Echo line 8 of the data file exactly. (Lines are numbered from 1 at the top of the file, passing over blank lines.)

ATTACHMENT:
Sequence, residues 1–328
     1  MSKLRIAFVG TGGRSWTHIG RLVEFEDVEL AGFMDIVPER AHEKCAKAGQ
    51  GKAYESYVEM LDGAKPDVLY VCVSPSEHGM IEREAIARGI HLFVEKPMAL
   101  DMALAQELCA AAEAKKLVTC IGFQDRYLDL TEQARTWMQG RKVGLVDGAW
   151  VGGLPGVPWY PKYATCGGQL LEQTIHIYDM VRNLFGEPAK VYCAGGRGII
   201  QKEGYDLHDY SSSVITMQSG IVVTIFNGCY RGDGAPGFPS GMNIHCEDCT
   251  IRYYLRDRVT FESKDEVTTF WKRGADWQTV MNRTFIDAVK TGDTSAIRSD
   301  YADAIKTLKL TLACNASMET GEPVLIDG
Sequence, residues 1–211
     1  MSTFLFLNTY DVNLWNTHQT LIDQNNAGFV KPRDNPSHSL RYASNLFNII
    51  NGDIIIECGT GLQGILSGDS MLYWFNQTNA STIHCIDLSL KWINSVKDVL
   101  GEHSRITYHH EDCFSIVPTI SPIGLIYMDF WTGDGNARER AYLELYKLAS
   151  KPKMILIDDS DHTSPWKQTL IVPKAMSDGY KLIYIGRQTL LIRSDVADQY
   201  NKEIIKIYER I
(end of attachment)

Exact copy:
   301  YADAIKTLKL TLACNASMET GEPVLIDG